in reply to Detecting scoping/namespace conflicts

I'll start with a brief discussion of my and local. However, the best way of dealing with this situation is to pull out the $localdata assignment into a subroutine. See the end of this note for a discussion of that.

Good: use 'my' not 'local'

Use my not local. local is used primarily for making a local-scope copy of a global variable; for example:

#!/usr/bin/perl use strict; sub foo { local $, = '... '; print ('a', 'list', 'of', "things\n"); } foo(); print "This", "is", "a", "test\n";
prints out:
a... list... of... things Thisisatest
my, on the other hand, always creates a new lexically-scoped variable that is only visible in the enclosing block or file. Use my for all of the variables that you yourself create. So, to modify your code:
use strict; # Transform 'local' to 'my', and get rid of needless # initialization to 'undef' my $usefuldata = 1; # in real life, lots of logic here if ( blah_blah() ) { # Eliminated second definition of $usefuldata $usefuldata = 2; # in real life, lots of logic here } insert_into_database($usefuldata)

Note: code untested

Better: Refactor To Subroutine

Problem is, $usefuldata serves no purpose here except as a placeholder. Nobody is incrementing it; nobody is altering it. It's either 1 or 2. (I know this is a simplified case, but the point still holds no matter how complex the logic.) It's far better from your code's standpoint to pull out the code that calculates $usefuldata into its own subroutine.

use strict; # Put all of the $usefuldata stuff in a subroutine sub get_useful_data { # Eliminated initial assignment of $usefuldata... # There's no need to calculate it if blah_blah() # is true and we're going to replace the value anyway if ( blah_blah() ) { # No need to store $usefuldata in a variable... # just return it return 2; } else { # Since blah_blah() is false, we return the default # case return 1; } } # Now we can calculate $usefuldata exactly where we want it insert_into_database( get_useful_data() )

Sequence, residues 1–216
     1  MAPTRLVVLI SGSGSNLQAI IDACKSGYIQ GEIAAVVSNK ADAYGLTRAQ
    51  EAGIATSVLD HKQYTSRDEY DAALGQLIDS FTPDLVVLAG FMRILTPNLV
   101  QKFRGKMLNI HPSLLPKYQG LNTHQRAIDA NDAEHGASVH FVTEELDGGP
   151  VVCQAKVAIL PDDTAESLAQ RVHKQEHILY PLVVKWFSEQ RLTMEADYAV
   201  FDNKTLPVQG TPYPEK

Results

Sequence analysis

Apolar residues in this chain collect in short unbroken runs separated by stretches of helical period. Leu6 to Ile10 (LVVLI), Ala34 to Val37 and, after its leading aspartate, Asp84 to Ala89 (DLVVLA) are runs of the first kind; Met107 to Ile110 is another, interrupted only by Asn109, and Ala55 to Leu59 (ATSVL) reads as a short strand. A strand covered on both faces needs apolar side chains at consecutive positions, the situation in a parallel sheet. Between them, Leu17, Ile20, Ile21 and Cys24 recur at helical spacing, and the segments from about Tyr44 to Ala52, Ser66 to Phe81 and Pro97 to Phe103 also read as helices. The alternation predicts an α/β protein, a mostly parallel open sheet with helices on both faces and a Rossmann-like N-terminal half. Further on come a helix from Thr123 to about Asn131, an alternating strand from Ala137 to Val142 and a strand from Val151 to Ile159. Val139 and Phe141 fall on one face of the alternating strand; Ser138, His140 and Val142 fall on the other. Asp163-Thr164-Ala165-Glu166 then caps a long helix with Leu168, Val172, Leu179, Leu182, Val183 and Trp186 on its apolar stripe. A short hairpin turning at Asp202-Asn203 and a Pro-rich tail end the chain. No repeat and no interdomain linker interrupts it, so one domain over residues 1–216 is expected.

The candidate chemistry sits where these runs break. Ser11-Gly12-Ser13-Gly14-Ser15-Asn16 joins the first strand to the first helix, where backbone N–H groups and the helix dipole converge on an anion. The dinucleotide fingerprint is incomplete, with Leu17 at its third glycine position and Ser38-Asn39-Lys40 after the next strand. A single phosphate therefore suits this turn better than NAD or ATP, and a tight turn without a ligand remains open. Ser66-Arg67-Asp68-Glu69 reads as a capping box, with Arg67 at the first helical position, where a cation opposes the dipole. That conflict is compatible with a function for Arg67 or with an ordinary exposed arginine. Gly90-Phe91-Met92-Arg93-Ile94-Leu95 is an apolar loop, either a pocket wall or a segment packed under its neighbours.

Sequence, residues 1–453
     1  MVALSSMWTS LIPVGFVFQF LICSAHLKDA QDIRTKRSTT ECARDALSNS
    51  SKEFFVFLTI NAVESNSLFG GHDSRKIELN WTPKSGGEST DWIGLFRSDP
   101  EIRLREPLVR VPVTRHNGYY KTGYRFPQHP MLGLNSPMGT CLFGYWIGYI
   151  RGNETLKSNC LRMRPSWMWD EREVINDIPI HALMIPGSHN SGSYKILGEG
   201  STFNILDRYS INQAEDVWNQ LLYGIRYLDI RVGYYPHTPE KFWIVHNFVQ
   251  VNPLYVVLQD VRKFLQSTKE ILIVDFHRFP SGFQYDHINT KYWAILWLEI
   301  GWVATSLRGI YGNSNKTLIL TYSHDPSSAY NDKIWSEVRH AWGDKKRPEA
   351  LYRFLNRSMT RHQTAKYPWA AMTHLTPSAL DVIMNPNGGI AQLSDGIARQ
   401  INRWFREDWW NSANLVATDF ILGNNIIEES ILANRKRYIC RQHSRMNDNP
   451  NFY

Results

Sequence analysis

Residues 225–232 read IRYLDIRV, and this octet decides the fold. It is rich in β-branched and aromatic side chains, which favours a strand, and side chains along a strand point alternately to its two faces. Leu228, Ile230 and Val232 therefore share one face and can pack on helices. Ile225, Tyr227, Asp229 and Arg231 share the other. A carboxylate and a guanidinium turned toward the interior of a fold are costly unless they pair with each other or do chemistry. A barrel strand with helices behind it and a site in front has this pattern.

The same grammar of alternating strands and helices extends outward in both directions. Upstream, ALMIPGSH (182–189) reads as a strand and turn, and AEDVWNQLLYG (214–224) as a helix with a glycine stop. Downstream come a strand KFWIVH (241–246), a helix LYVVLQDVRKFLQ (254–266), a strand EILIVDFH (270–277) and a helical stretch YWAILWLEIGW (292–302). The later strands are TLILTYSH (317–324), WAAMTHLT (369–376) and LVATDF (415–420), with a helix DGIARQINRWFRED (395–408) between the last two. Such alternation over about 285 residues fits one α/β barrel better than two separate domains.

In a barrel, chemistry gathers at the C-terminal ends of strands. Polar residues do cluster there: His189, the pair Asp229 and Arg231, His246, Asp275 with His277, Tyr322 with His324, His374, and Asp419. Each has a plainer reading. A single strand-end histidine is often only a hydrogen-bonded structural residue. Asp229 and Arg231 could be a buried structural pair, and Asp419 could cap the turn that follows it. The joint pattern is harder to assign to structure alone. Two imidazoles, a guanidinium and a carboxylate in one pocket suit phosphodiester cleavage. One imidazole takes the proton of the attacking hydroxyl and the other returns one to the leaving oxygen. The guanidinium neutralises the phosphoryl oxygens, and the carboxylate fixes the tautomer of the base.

Note: Code untested

An advantage to this is that you've eliminated $usefuldata entirely, and never need to wonder if somehow some other bit of code might have altered it. Everything having to do with $usefuldata is in one place.

Gets off soapbox

Update: Looking back, I'm not quite sure if you intended '1' to be the default case, or if the other $usefuldata was completely unrelated. This note assumes that you intended '1' to be inserted if your 'if' statement was false. In any case, replacing the variable assignment with a subroutine will solve the problem, because redefining a subroutine will cause a warning under '-w' anyway.